Spock is resurrected by a deus ex machine plot device introduced for the movie (the Vulcan Khat'ra), David Marcus dies, Carol Marcus disappears, never to be mentioned again, the Genesis planet is destroyed, so…yeah, you take one of the best Star Trek movies and nullify it. Also, we have one of the lamest villains in Kruge, who tops even William Shatner on overacting. The only positive to him is that he is so cheesy he makes his scenes marginally entertaining, but they still aren't actually good scenes. He and Kirk get into a really weak, fake-looking brawl, which is the final battle of the two action scenes in the movie (the first being the 5-second space battle between the Enterprise and the bird of prey). I'm not saying action is the most important part of a Star Trek movie, or even necessarily an important part, but when a movie has nothing else going for it, an entertaining action scene can go a long way. This is by no means the worst Star Trek movie, but this one has so little going for it that it's hard to see why it would even be considered one of the better ones.

Reviewed by Maddyclassicfilms 8 / 10

Where's the logic in offering me a ride home?

Star Trek III: The Search for Spock is directed by Leonard Nimoy and has music by James Horner. The film stars William Shatner, DeForest Kelley, Christopher Lloyd, Robin Curtis, James Doohan, Nichelle Nichols, George Takei, Walter Koenig, Merritt Butrick, Mark Lenard, Judith Anderson and Leonard Nimoy.

This is a very good film and pretty underrated compared to some of the others. It has several moving scenes and is really funny too. McCoy trying to charter a ship in an alien bar is hysterical. The mind meld scene between Kirk and Sarek is very moving and Christopher Lloyd is excellent as the cunning Klingon Captain. It's a bit odd that Carol Marcus isn't in this film, you'd think she would have wanted to study the Genesis planet.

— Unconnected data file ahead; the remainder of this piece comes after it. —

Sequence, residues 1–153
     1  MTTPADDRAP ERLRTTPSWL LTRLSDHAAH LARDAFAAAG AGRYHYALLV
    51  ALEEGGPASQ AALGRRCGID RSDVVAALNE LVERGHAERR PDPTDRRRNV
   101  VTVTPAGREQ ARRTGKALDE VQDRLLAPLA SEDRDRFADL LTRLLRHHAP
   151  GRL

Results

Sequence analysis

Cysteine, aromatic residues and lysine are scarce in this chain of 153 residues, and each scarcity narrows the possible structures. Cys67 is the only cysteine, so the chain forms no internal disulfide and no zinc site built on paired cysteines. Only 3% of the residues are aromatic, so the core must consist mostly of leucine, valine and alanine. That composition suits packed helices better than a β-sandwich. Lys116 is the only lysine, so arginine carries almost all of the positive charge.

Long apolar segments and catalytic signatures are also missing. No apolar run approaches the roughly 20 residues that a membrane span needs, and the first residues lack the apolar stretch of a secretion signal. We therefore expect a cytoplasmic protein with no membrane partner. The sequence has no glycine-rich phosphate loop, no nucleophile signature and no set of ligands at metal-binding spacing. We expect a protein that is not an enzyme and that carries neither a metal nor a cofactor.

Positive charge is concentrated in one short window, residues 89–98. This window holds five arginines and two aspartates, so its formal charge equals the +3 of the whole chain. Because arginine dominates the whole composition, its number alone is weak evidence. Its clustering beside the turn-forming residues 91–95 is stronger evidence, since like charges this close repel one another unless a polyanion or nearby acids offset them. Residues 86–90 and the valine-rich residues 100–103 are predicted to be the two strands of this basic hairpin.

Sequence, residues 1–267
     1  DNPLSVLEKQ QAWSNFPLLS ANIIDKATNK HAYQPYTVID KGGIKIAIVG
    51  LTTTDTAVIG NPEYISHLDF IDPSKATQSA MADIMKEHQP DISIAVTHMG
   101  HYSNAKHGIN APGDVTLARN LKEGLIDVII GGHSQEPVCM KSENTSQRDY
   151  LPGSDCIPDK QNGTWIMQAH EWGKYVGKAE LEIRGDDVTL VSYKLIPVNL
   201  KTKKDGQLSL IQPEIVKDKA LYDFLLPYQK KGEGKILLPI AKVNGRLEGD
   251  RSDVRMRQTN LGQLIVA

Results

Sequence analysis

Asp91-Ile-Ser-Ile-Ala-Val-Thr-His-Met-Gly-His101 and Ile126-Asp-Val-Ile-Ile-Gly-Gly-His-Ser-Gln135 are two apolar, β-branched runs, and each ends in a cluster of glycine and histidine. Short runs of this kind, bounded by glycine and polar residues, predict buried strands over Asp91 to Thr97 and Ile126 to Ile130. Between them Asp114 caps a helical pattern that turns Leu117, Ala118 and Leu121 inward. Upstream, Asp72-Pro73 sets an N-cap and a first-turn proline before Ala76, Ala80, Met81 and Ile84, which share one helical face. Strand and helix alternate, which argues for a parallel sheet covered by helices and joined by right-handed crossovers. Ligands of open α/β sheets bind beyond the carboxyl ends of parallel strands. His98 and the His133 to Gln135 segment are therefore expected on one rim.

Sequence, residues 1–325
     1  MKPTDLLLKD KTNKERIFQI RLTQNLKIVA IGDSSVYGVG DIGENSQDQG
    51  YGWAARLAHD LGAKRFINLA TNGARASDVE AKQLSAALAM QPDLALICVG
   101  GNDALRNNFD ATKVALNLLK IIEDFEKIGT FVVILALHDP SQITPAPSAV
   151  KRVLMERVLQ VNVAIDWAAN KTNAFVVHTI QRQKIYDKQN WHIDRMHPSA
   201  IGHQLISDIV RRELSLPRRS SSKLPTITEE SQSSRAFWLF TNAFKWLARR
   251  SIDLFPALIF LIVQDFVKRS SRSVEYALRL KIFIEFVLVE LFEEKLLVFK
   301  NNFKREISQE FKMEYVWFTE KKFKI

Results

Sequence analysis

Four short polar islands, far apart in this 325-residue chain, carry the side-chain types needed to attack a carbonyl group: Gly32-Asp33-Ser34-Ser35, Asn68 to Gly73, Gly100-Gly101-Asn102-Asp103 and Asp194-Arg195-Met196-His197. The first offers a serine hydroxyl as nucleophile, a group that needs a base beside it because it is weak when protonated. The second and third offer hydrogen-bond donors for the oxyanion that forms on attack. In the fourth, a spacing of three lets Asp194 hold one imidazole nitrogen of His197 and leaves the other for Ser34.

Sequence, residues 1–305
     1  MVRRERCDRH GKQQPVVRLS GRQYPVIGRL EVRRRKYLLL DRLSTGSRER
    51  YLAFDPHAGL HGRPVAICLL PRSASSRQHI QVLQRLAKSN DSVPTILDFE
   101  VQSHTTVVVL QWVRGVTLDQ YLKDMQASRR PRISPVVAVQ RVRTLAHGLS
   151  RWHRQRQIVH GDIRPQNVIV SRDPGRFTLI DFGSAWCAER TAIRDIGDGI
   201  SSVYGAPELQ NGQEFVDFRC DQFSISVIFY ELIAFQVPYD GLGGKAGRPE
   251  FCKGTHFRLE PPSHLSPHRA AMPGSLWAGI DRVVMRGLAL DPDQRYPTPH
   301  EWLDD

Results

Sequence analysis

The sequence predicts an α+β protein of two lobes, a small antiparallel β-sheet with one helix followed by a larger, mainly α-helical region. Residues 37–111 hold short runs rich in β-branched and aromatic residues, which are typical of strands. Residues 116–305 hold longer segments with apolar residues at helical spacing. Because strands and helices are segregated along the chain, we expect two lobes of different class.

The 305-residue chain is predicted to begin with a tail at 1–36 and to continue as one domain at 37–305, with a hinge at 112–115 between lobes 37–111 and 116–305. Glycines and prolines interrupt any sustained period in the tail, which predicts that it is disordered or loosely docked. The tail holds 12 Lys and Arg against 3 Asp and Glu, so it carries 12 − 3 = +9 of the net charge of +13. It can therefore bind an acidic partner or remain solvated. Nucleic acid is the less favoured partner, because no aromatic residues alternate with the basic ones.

The Search for Spock is set shortly after the events of The Wrath of Khan. Kirk (William Shatner) and the crew are returning to Earth, Kirk is devastated by Spock's loss and is struggling to come to terms with it.

David(Merritt Butrick) and Lt. Saavik(Robin Curtis)have been assigned to the Starfleet ship Grissom, they are in orbit of the Genesis planet and are studying how the planet is evolving. That sector is off limits now to anyone apart from their science team.

When the Enterprise returns to Earth, Kirk is told the ship is to be decommissioned. Dr. McCoy(DeForest Kelley)appears to be having some sort of breakdown and Kirk is visited by Spock's father Sarek(Mark Lenard).

Sarek pleads with Kirk to return Spock's body to Vulcan(at the end of the previous film he was buried on the Genesis planet), he tells Kirk there is a ritual that could restore Spock to life. It is discovered that McCoy is now carrying Spock's memories and personality within his own mind, that is why Spock melded with him at the end of Wrath of Khan.

Spock's memories must be taken from McCoy and placed back into Spock's mind. Kirk, Scotty, Sulu, McCoy and Chekov steal the Enterprise and head to the Genesis planet.

Rogue Klingon Captain Kruge(Christopher Lloyd)has found out about the Genesis device and realises the potential it has to be a weapon. He and his crew head to the Genesis planet.

This film has some very interesting things in it, such as the mystical Vulcan ceremony that can restore life and the accelerated development of the Genesis planet. It makes you think also about the positives and negatives of building a device like Genesis.

Although it's great that Spock lives again, I think this lessens the impact of his sacrifice at the end of The Wrath of Khan. I think it would have been better if he stayed dead, and then we could see the impact on Kirk and McCoy and how they coped with that loss.

Well directed by Nimoy, with strong performances from the cast. Shatner is good as the devastated Kirk who will stop at nothing if there is even the slightest chance of saving Spock. Robin Curtis is good as Saavik, but it is a shame that Kirstie Alley didn't reprise the role.

Doohan, Takei, Nichols and Koenig get more to do in this film and that's great to see. DeForest Kelley steals every scene he's in as a very different Dr.McCoy.

Read more IMDb reviews


Be the first to leave a comment